Making the Most of Broadband: Think Small

[imgbelt img=threelakesfair530.jpg]Three Lakes, Wisconsin, generated competition to get affordable
broadband and now is maximizing its economic impact by drawing small
businesses to town.

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Three Lakes Town Office

Three Lakes mustered competition for its IT customers. Between 2008 and 2011, the number of local broadband providers increased fro 2 to 6. All residents of the area now have options.

Today 88% of Three Lakes’ residents within the town’s 99 square miles receive service from one of the five wireline and wireless providers. 12 Mbps is currently the top speed and most residents and businesses consistently receive this speed. Prices for all subscribers, individuals and businesses, range from $29/month for 1.2 Mbps to $69 for 12.1Mbps. Individuals and businesses are offered the same service packages.

Ironically, Three Lakes broadband availability is a key element of the town’s marketing messages to persuade executives and small business owners to move there, but the marketing messages themselves are very low tech. Billboards on key points of Highway 45 leaving town ask “Why are you going back to the City when you can live here?” A radio campaign in Milwaukee drives people to the town’s website. Print materials in town co-brand the school, Three Lakes and their economic development plan, with the theme “Come to play, maybe to stay.”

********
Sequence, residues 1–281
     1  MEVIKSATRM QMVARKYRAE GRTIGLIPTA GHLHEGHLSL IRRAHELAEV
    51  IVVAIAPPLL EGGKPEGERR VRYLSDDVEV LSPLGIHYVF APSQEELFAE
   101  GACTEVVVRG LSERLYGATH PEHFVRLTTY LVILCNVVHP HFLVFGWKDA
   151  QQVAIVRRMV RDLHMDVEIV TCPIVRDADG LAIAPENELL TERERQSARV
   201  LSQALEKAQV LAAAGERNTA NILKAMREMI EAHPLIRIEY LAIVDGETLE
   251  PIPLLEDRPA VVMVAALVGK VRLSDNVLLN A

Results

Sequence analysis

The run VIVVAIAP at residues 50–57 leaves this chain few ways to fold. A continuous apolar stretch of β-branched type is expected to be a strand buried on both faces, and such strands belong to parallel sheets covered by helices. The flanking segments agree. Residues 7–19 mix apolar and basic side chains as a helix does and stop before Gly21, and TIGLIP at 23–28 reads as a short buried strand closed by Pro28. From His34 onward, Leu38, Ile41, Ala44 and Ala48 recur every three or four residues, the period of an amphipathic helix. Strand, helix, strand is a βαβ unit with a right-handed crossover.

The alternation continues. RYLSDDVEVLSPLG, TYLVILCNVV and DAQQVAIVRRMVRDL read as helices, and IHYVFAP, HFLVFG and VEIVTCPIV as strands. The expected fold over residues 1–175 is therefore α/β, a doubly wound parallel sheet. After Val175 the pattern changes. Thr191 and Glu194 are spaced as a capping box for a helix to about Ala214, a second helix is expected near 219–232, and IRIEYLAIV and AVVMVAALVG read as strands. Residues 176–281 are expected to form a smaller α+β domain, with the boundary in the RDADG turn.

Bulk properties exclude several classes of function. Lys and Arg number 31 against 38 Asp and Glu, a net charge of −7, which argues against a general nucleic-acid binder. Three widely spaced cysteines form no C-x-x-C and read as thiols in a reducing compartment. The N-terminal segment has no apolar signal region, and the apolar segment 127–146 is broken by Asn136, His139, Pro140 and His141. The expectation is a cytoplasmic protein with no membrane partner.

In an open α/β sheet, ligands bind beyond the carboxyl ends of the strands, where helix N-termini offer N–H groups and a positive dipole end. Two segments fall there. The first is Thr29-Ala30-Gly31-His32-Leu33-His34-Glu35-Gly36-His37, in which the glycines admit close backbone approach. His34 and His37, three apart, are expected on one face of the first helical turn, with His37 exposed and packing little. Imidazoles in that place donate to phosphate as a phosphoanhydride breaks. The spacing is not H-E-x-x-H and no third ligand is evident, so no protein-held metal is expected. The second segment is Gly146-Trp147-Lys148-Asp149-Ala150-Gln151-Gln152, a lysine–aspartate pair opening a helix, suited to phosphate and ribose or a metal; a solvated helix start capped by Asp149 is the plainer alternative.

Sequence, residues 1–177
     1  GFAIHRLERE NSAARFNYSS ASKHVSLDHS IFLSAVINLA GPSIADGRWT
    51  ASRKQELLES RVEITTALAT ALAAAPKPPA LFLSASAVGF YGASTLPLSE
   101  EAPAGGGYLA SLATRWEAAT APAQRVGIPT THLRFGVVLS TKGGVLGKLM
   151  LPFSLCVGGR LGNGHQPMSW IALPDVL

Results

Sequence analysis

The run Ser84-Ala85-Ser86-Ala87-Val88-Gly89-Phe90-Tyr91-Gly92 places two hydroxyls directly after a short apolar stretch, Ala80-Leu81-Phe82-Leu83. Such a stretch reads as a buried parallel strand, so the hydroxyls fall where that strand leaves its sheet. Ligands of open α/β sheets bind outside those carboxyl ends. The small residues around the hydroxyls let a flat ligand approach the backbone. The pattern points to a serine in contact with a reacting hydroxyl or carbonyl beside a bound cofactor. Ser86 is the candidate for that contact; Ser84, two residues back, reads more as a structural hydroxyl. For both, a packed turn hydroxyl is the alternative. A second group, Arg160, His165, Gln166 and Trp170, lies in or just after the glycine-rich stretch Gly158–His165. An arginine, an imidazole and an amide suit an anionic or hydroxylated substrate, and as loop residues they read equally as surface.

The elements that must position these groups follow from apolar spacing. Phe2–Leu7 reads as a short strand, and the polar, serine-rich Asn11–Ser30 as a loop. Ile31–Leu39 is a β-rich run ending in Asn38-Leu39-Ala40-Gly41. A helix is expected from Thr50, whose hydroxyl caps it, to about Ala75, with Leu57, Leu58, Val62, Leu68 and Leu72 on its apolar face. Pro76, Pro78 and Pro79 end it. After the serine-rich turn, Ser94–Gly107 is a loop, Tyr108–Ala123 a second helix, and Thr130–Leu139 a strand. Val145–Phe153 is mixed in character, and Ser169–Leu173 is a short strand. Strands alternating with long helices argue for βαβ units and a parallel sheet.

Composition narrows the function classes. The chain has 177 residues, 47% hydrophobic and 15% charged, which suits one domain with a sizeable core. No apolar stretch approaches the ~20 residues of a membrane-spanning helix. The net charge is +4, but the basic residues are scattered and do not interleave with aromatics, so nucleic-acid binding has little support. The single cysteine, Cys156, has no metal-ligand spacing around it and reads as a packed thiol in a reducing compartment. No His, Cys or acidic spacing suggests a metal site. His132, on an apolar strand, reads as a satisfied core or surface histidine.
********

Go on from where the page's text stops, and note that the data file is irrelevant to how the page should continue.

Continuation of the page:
Three Lakes’ story? Sometimes the problem isn’t that stakeholders fail to think big enough. It’s that they have to start thinking small enough. For small towns, it often doesn’t take a lot to make to make a big difference.

Craig Settles is an Internet-technology consultant in Oakland, California. He also hosts Gigabit Nation, a radio talk show that deals with broadband and community development. 

A message from the Rural Assembly

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